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Tuesday, November 3, 2009

A few words about Victoria Espinel, nominee for Intellectual Property Enforcement Coordinator
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Tomorrow, the Senate Judiciary Committee will consider President Obama's nomination of Ms. Victoria Espinel for the office of "Intellectual Property Enforcement Coordinator" (the "Coordinator"). This is a new position, created by the recently enacted Pro-IP Act, which I discussed here.

Personally, I conclude that President Obama selected an excellent nominee. Indeed, I can't think of anyone better endowed with the experience, expertise, and judgment needed to be a successful Coordinator.

The job of the Coordinator will be challenging. Essentially, the Coordinator must tackle a rather daunting administrative problem: Over the past two decades, intellectual property rights have become very important to a vast range of domestic interests and a critical component of U.S. foreign policy and trade policy. As a result, many federal agencies--from the Department of Agriculture to the Department of State--now have "IP Offices" pursuing various IP-related programs and initiatives in a largely uncoordinated fashion. USPTO acts as an expert advisor to these various agencies, but not as their coordinator.

Three serious risks emerge from this situation. First, there is the risk of self-contradiction: Agency A says "X," while Agency B says "not X," and Agency C says "Y." Second, there is the risk of needless duplication of effort or creation of error: if four different agencies are trying to summarize how the ISP safe-harbor provisions work, duplication of effort is inevitable and the odds of material error increase. Third, there is the risk that IP-related policy lacks any overall vision or guidance.

In effect, the Coordinator is charged with managing and reducing these risks. But the Coordinator is not a "czar" in any sense of that word: He or she will not be issuing binding orders to the vast array of Administrators, Representatives, Commissioners and Secretaries whose missions implicate aspects of IP law and policy. Rather, the Coordinator must coordinate by persuading, informing, and assisting a diverse range of federal entities. In the past, the importance of IP rights to U.S. trade policy made the Office of the United States Trade Representative (USTR) a particularly important voice in overall U.S. policy towards intellectual-property rights. Consequently, the potential for conflict between the Coordinator and other federal entities may be more pronounced in the case of USTR.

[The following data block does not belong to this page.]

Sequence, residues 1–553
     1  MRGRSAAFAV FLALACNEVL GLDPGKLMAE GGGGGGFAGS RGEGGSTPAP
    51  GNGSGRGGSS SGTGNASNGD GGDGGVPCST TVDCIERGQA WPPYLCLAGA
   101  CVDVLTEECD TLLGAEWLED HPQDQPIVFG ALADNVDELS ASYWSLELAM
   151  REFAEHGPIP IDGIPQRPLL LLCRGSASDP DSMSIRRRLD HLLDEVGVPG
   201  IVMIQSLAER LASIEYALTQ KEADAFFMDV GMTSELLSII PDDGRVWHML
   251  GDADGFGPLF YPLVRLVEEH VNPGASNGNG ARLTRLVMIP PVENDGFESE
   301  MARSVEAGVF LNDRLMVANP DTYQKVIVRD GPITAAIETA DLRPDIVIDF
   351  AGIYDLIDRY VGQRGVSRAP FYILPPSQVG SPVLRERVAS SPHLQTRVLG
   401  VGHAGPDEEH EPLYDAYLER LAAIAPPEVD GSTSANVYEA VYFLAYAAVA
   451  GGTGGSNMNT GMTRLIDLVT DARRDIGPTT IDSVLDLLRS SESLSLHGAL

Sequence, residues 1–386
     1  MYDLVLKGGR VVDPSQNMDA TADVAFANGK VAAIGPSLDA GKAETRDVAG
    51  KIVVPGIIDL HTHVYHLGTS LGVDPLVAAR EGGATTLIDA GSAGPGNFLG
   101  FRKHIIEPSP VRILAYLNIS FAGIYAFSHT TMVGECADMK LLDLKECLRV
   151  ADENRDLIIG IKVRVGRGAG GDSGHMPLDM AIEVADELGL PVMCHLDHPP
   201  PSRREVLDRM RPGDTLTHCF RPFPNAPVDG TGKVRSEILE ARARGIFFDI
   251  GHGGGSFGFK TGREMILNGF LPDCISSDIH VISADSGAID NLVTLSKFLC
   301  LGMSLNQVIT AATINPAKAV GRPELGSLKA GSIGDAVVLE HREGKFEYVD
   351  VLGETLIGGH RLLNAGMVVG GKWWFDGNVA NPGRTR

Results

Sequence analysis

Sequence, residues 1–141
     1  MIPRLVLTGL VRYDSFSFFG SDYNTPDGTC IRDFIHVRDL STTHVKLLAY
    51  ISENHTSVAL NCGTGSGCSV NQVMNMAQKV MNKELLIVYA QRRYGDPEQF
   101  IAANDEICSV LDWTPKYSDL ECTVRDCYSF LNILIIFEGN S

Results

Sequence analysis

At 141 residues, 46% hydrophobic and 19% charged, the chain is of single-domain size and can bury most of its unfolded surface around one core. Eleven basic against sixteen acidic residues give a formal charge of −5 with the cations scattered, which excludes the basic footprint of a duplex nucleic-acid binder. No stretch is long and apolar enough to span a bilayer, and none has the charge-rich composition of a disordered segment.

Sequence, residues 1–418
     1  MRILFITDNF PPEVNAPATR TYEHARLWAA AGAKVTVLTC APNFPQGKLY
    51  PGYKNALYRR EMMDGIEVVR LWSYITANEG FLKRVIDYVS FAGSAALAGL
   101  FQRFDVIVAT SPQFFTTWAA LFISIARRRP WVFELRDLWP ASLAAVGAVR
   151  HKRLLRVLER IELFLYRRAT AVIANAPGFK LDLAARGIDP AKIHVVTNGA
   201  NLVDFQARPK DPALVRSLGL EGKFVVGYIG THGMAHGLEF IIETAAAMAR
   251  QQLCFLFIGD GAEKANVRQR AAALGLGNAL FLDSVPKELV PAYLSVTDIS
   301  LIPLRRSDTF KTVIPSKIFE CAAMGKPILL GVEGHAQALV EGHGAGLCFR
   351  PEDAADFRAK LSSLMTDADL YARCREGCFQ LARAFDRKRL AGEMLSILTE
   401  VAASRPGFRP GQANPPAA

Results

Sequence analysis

All of this would suggest that an ideal nominee for the role of IP Coordinator would possess (1) deep familiarity with the various agencies and personnel now involved in aspects of intellectual property law and policy; (2) proven and widely respected expertise and judgment, and (3) close connections to USTR.

From personal experience, I can report that President Obama's nominee for IP Coordinator, Victoria Espinel, satisfies all three criteria. During the last Administration, I served as an advisor on copyright law and policy in USPTO's Office of International Relations. Because much of my work involved either our always colorful IP relations with China or the U.S.-Korea Free Trade Agreement, I often worked closely with the excellent IPR team at USTR.

The leader of USTR's IP-related efforts was the Assistant United States Trade Representative for Intellectual Property and Innovation, Victoria Espinel. She was very widely respected because she was hard-working, substantive, pragmatic and sensible--she could analyze details with the best of the experts and then explain their implications in plain terms to politicians and foreign officials.

Turns out, she also proves another point that I have made: I have always argued that one good thing about intellectual property law and policy is that it is almost uniquely non-partisan. (There are divisions, of course, but they do not break down along any party or political lines that I have can discern.)

Consequently, I had never asked nor cared what Ms. Espinel's political affiliations might be--she was really good, and that was what mattered. Today, that is still what matters. I thus congratulate the President for selecting such a qualified nominee for the office of Intellectual Property Enforcement Coordinator.

posted by Thomas Sydnor @ 10:15 AM | Copyright , E-commerce , Global Innovation , IP , Innovation , Trade

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What are the chances we'll see productive change in this area (protecting the ability to fairly use DMCA protected material and rolling back the length of copyright terms)? Are we going to see more "Teachers, use your pocket cameras to record the screen! The quality is *great*!"

Posted by: Steve Reader at November 4, 2009 4:26 PM

I can only hope that, whoever the nominee is, they won't have succumbed to the anti-copyright ideologies that have been coming out of the academic mouthpieces of big corporate music-users. The relationship between the administration and Google is already a little too close for comfort. It would be interesting to hear what the IPEC nominee has to say about major issues that face the intellectual property industries such as the Google Books settlement.

Posted by: Shawn Murphy at November 4, 2009 6:02 PM

The fact that the White House hasn’t simply placed the role in OSTP certainly feels like it agreeing not to do that because the industry lobbyists who pushed for the role in the first place won’t like it. That doesn’t seem like the way government should be run.

Posted by: r4 ds at November 6, 2009 2:12 AM

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